The Strad Issue: March 2018
Description: Electric violin pioneer travels beyond minimalism
Musicians: Tracy Silverman (electric violin)1 Todd Wilson (organ)2 Nashville Symphony/Giancarlo Guerrero
Works: RILEY The Palmian Chord Ryddle1; At the Royal Majestic2
Catalogue Number: NAXOS 8.559739
Despite his seminal In C of more than five decades ago, describing Terry Riley as a minimalist these days is way off the mark – as evidenced by his sprawling but joyfully warm-hearted electric violin concerto The Palmian Chord Ryddle, given a tender, thoughtful world-premiere recording by Tracy Silverman and the Nashville Symphony.
It’s clearly a deeply personal work for Riley, its eight joined movements focusing on family, friends and influences he holds particularly dear, from Indian and Andalusian musics through to memories of his parents dancing and a bright celebration of his son Gyan’s wedding. Silverman tackles the work’s impetuous demands with a winning balance of precision and spontaneity: Riley’s rhapsodic, portamento-heavy solo lines, achingly lyrical at times, sound sometimes like prog-rock guitar solos on Silverman’s multi-octave, six-stringed instrument, but he delivers each with ringing clarity and sonic purity. He also brilliantly captures the concerto’s sense of in-the-moment creation, of semi-improvised ideas that only slowly coalesce, in playing that’s both committed and perceptive.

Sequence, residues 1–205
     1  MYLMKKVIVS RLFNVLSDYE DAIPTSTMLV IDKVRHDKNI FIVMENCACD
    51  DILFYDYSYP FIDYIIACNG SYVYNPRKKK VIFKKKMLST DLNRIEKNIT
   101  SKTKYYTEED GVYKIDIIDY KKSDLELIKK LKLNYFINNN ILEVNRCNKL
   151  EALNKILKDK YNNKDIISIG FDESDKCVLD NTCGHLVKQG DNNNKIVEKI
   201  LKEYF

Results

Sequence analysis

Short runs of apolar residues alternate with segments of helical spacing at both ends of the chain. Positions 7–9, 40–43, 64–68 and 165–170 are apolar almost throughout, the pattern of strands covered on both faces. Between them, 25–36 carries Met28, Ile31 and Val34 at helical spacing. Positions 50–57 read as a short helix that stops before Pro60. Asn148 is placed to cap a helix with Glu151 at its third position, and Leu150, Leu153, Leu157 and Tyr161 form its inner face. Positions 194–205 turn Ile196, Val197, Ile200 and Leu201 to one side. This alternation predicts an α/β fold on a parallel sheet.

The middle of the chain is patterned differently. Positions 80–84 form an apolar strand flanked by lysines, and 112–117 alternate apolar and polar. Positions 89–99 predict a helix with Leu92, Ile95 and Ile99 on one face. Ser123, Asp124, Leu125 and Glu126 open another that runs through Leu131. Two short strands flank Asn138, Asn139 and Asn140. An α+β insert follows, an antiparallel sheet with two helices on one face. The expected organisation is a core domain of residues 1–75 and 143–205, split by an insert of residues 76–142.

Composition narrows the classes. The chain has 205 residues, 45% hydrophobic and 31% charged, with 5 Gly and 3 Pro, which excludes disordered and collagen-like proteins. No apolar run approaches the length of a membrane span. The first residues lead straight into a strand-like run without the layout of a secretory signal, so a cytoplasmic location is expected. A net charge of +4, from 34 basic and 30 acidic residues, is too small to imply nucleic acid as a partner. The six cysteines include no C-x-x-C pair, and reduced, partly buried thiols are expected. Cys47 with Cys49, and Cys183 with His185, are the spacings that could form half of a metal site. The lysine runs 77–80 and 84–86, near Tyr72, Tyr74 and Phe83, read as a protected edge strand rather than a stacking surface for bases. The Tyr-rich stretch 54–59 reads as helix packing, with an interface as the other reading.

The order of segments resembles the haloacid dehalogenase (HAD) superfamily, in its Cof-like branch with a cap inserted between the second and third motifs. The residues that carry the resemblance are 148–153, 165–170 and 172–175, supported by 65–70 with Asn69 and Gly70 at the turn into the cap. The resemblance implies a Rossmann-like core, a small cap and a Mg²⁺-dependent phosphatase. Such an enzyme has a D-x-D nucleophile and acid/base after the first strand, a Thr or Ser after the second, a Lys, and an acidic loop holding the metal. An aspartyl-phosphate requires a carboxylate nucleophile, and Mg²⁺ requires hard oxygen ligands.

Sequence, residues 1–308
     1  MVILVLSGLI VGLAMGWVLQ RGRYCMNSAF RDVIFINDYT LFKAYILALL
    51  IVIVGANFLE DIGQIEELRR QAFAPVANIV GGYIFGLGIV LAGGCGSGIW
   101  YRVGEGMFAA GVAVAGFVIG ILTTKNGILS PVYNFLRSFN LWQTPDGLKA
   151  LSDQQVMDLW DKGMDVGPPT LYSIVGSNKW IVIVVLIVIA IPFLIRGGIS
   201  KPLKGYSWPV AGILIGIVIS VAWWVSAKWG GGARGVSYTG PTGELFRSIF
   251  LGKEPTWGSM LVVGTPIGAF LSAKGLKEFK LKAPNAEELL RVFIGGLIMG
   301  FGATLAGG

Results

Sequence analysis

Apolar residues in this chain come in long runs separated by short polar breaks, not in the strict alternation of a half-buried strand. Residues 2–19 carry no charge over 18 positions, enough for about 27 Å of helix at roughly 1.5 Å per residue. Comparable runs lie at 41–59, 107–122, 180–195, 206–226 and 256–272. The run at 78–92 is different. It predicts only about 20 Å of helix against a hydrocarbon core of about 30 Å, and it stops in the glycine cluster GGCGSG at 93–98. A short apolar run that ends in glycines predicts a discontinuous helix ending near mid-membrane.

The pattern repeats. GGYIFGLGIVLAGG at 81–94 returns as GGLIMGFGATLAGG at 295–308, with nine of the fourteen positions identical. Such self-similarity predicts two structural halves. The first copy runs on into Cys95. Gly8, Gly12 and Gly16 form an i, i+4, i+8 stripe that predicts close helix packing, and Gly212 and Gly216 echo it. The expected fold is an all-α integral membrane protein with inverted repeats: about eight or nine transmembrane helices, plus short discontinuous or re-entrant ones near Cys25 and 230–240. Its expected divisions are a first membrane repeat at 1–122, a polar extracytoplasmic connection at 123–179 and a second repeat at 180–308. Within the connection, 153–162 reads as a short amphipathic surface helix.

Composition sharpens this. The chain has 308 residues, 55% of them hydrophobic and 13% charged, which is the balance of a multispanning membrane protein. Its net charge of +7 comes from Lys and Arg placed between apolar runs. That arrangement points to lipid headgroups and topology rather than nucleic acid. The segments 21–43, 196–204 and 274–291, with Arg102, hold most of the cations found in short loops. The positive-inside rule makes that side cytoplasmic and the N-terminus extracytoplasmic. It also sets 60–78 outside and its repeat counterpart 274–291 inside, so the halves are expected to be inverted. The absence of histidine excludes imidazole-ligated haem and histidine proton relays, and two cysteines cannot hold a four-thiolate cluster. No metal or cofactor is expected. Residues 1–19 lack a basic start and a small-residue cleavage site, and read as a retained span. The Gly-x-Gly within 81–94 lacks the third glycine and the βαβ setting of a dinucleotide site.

Silverman gets crisp, assertive support from the Nashville players, who are given plenty of individual chances to shine in Riley’s translucent orchestration. The concerto’s companion work, Riley’s organ concerto At the Royal Majestic, is just as wildly unpredictable and entertaining, bringing together Bachian chorales, boogie-woogie and modernist dissonance in an expansive offering played with appropriate grandeur by Todd Wilson. Recorded sound is exemplary on both pieces: warm, close, detailed, and realistically balanced between soloists and orchestra.
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